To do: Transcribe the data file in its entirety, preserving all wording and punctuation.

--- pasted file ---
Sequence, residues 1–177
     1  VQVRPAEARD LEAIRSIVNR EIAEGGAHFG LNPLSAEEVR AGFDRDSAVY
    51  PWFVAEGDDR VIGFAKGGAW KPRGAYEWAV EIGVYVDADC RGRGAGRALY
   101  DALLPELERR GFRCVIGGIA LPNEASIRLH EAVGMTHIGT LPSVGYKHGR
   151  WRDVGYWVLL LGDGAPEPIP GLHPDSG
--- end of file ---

Sequence, residues 1–177
     1  VQVRPAEARD LEAIRSIVNR EIAEGGAHFG LNPLSAEEVR AGFDRDSAVY
    51  PWFVAEGDDR VIGFAKGGAW KPRGAYEWAV EIGVYVDADC RGRGAGRALY
   101  DALLPELERR GFRCVIGGIA LPNEASIRLH EAVGMTHIGT LPSVGYKHGR
   151  WRDVGYWVLL LGDGAPEPIP GLHPDSG